Welcome to the world’s largest car showroom: Toyota’s Mega Web. You may or may not be a huge car enthusiast, but you'll learn a lot of things here in terms of style, design, and the future of movement. They have a theater with seats that simulate what it would feel like to ride a race car. Looking for the real thing? A 1.3-kilometer course allows you to test-drive Toyota models. Don’t have a license? Do a virtual drive instead. Other activities include revisiting Tokyo in the 1960s through a recreation of the streets and cars of the period. Driving courses are available for kids to get behind the wheel of a hydrogen-powered vehicle or electric go-kart.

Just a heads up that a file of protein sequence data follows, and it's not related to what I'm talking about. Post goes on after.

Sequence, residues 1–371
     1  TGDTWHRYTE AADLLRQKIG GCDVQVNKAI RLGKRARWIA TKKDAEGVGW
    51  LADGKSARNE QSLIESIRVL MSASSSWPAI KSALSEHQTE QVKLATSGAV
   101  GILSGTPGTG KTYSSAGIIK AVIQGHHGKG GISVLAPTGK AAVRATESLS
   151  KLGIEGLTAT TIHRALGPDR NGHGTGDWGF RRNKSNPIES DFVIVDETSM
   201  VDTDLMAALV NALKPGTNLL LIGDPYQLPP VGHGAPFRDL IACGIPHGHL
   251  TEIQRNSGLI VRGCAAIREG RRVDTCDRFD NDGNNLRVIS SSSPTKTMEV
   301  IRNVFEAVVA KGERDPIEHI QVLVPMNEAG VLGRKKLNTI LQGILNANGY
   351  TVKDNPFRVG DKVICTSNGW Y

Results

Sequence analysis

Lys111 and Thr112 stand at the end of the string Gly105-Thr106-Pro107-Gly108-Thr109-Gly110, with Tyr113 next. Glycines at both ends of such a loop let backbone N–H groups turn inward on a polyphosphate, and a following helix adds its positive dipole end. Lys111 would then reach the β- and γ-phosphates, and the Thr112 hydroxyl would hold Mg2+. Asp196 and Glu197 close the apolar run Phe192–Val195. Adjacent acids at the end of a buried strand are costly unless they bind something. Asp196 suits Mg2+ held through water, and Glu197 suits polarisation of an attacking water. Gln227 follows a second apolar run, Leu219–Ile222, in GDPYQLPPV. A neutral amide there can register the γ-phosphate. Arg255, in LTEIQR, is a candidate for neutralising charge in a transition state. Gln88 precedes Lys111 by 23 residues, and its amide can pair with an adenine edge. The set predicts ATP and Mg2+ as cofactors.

Mega Web is at 1-3-12 Aomi, Koto City, Tokyo, Japan. It is open daily from 11 a.m. to 9 p.m.
Visit a haven for book lovers
No matter how trendy a neighborhood gets, bookstores serve to retain its soul. This is achieved by Daikanyama Tsutaya Books or “T-Site,” which is the flagship branch of Japan’s popular store chain, Tsutaya Books. Culture Trip says that T-Site “feels more like a Disneyland for book lovers than a simple store.” It includes six book departments, periodicals from various categories and countries, 30,000 magazines focused on the 1960s to 1970s, and a ground level walkway called Magazine Street. Best of all, T-Site allows visitors to leaf through any reading material even before purchasing.
Daikanyama T-Site is at 17-5 Sarugakucho, Shibuya-ku, Tokyo, Japan. It is open daily from 7 a.m. to 2 a.m. For more information, visit T-Site’s website.
Discover the world of Studio Ghibli